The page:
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'This is real economic justice': Parisi proposes funding for south side Black Business Hub

'This is real economic justice': Parisi proposes funding for south side Black Business Hub

Joe Parisi

Dane County Executive Joe Parisi

Dane County Executive Joe Parisi is proposing to put $2 million toward helping the Urban League of Greater Madison purchase a site for an economic development hub that will be located along the South Park Street corridor.

The hub, modeled after the Sherman Phoenix project in Milwaukee, will be dedicated to supporting minority-owned businesses and provide commercial space, Parisi said at a Tuesday news conference, as well as support for small businesses. 

“We are excited to partner with the Urban League of Greater Madison in this effort to find a location where Dane County entrepreneurs can gather to gain the support, experience, and skills they need to thrive,” Parisi said. “My 2021 budget invests in this effort to give entrepreneurs of color in Dane County a place to find community as they work to achieve their goals.”

Urban League of Greater Madison CEO Ruben Anthony said the organization will use the money for land acquisition and to get the property ready. 

No site has yet been determined for what Anthony called the “South Madison Black Business Hub,” but he expects that a location will be determined by the end of 2020. 

“This space is envisioned as a hub for business owners, entrepreneurs and business support services that can reflect the diversity of residents, businesses and institutions that call south Madison home,” Anthony said. “We’ll look at numerous sites in south Madison and we’re gonna do it with the community right there with us.”

ULGM will use Hope Community Capital as a consultant team to assist in the process of determining a site and going through the financial feasibility of different locations. 

Anthony said that ultimately the vision for the site is to have a center where people can come from out of town and find easily, where small businesses can receive technical and other types of support, and to have a place located in an underdeveloped area that signals a commitment from Dane County and the city of Madison toward rebuilding the south side.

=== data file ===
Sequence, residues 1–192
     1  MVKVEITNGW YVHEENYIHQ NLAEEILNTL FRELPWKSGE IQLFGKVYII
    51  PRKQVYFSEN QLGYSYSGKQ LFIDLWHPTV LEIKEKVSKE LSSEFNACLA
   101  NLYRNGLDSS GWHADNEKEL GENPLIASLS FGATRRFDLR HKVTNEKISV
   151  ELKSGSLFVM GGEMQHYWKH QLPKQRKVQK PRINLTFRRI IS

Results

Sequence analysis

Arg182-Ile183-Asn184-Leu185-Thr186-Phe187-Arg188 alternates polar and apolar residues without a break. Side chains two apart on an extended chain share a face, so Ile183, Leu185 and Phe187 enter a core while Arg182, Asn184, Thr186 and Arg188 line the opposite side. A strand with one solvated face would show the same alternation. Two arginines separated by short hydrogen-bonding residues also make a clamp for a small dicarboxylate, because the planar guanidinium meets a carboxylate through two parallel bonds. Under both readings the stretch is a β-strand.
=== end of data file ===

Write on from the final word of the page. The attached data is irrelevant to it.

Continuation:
Milwaukee’s Sherman Phoenix is an incubator for small businesses and helps develop businesses created by people of color. It is funded by a mix of public and private money and includes a mix of retail, health and wellness, beauty and art-based small businesses. It also has a food hall where vendors share space.

Sherman Phoenix opened in December of 2018 and, at least initially, housed about 30 businesses. But COVID-19 nearly destroyed the project after state orders preventing the spread of the coronavirus forced 27 tenants to close or limit their operations. A donation of $3.5 million kept the project afloat.

“Businesses are already interested in coming on the site,” Anthony said of the proposed Dane County hub. “We need an anchor tenant to come on and make a commitment to making this a viable project. Urban League has been in communication with several potential partners who have expressed interest in providing technical and financial support to the businesses that might locate in this hub.”

In July, Dane County and ULGM announced a grant for $100,000 to begin the hub project with the hopes of building on momentum that is already transforming the south side, including the new Madison College campus. 

“There’s been decades and decades of underinvestment in south Madison,” Anthony said when asked why South Park Street would be the location of the new hub.

“This is the place to be. This is another initiative where Joe Parisi is running toward the fire, he’s running where we need help. He’s not retreating. And that’s what we need. We need brave politicians to stand up and run toward the fire and make an economic difference. This is real economic justice.”

Parisi will officially deliver on Oct. 1 his proposed 2021 budget to the Board of Supervisors, which will deliberate and pass the spending measure by mid-November. 

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